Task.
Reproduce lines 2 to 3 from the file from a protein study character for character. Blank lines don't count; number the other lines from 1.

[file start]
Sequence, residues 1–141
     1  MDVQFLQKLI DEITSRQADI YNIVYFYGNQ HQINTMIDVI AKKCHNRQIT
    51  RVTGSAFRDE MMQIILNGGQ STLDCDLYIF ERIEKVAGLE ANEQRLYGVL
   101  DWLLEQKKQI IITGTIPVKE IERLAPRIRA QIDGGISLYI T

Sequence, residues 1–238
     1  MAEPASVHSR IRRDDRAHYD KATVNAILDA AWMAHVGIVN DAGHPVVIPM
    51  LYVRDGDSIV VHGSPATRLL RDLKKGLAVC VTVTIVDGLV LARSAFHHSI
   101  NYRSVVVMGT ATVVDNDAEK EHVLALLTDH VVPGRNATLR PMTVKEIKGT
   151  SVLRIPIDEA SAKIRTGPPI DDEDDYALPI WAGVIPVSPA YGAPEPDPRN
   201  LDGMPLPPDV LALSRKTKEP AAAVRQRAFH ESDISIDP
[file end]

     1  MDVQFLQKLI DEITSRQADI YNIVYFYGNQ HQINTMIDVI AKKCHNRQIT
    51  RVTGSAFRDE MMQIILNGGQ STLDCDLYIF ERIEKVAGLE ANEQRLYGVL